last updated: 26th June 2022

The Topography
of Searching

The Digital Collections Catalyst project (2021)
for the State Library of Queensland

What we search for reveals something of ourselves: our interests, our fears, our curiosity, or simply what we have forgotten. And it's not just what we search for, as how we search reveals something of ourselves as well. So when viewed in aggregate, what do the - searches (and counting) of the State Library of Queensland catalogue reveal about the events, topics, and concerns that have been on the minds of Queenslanders over the past decade or so? Do we ask more questions in winter? Do we make more typos in January? Did we swear more in 2020? Are we becoming more anxious? What aspects are constant, and what aspects are more prone to change?

This project allows you to generate topographic maps from the words and phrases that appeared in the searches made by people using the library catalogue since April 2012 (when the current tracking data began). And by looking at these maps - with their peaks, their valleys, their plateaus, and their plains - we get an imperfect glimpse of the collective interests and concerns of those using the catalogue, and the ways in which they've changed over the months, seasons, and years.

Read a more detailed explanation about the project below, or head straight to the


About the

So in an age when there's more and more ways to access more and more information, what do people turn to the State Library for, and how do they go about finding it?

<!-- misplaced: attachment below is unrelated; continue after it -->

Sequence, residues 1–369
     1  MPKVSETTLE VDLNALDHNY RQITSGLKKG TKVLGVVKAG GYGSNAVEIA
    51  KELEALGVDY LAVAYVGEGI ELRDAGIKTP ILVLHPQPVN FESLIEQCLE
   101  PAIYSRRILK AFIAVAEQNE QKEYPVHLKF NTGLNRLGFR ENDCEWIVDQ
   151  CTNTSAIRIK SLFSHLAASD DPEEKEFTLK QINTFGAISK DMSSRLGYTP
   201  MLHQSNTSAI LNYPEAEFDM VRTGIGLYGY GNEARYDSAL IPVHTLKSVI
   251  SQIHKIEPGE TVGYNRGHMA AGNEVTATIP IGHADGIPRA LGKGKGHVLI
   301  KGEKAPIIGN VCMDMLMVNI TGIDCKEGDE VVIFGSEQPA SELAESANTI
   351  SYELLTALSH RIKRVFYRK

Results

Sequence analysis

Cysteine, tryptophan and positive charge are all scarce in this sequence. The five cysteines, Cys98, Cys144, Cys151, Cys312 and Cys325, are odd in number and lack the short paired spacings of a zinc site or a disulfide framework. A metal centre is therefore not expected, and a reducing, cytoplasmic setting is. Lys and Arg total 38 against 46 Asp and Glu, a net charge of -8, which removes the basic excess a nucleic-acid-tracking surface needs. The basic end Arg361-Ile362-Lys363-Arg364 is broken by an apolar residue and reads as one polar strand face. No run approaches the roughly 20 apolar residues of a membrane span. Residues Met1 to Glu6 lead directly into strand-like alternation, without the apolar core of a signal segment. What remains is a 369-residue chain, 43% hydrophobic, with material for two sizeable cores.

There are many ways to search the catalogue, and what follows is by no means an exhaustive list (and are all actual searches). Do we just use a single word ('cats', 'brisbane'), or the author ('Melissa Lucashenko', 'murakami'), or the title ('moby dick', 'The Yield'), wildcard characters ('monz mudflat*', 'nurs*'), or a Boolean search ('(preserves OR jam OR chutney OR pickles)'), or both ('(surg* OR operat*)'), or do we use an ISBN ('9780471732082'), or a catalogue number ('518774350002062'), or a Dewey Decimal number2 ('616.075'), or do we phrase it as a question ('does mozart make babies smarter', 'should citrus be stored in fridge'), or put it in quotes ('"one of the soldiers"', '"expo 88"'). Is it specific ('sleep paralysis and alien abduction'), or general ('weird shit'). Are we looking for books ('book about growing roses', 'little red book'), ebooks ('kids ebooks', 'tiny house ebooks'), journals ('Neue Grafik', 'Australian Journal of Political Science'), photos ('Badu Island photos', 'corley photographs'), illustrations or drawings ('botanical illustration', 'Drawing of migrants disembarking from a ship, ca. 1885'), musical scores or sheet music ('Chopin Sheet music', 'psycho complete score hitchcock'), recipes ('paleo recipes', 'GOOD HOUSEKEEPER'S PICTURE RECIPE BOOK'), maps ('flood maps', 'SG56-06'), letters ('Ernest Henry letters', 'WW1 letters'), manuscripts ('Harriet Barlow Manuscript', 'illuminated manuscripts'), films ('storm boy', 'Wake In Fright'), streaming ('Kanopy catalogue', 'streaming movies'), audio ('Gunggari Language Audio Cassettes', 'pavarotti audio'), newspapers or gazettes ('kingaroy newspaper', 'Queensland Police Gazette'), people ('Elvis'), places ('Cribb Island'), things ('zines'), or even last year's excellent digital catalyst project ('mapping future brisbane'). Do we search in lowercase ('biofuels'), or in all caps ('PLANTS OF CENTRAL QUEENSLAND'). Do we make typos ('euthenasia', 'databae'), or hit enter too soon ('a','everything is f', or the many blank searches), or accidently paste in a URL ('google.com used cars under $700', 'www.ato.gov.au'), or an email address ('*****@hotmail.com'), or another language ('해를 품은 달', 'حذاء رياضي'), or make a database hacking attempt ('"' '1'='1 OR": 1'). Are we uncertain ('is this working?'), frustrated ('lynda login F**K SAKE!'), or excited ('sloths!', 'minneeeeeeeeeeeecccccccccccccccccccccccccccccccccccccccccccccccccccccccccccccrrrrrrrrrrrrrrrrraaaaaaaaaaafffftttttttttttttttt'), having questions about religion ('Orthodox Jews and IVF', 'Hindu belief on euthanasia', 'Christianity and sexting'), or are we just after something better ('better sleep', 'better public transport', 'BETTER BEEKEEPING'). Do we use emoticons (':)', '*-*'), or emojis (🐱), or is it gibberish ('sdfdfdfddfdfdfdfdffff', 'uuiji6ytdttttt') - possibly due to cats on keyboards - or is it meant for the library website, instead of the catalogue, ('easter opening hours', 'can you eat at the library?'), or, um, is it perhaps meant for another browser window ('you porn', 'stupid ass nae nae baby', 'stop driving by my sisters house the neighbours hate you').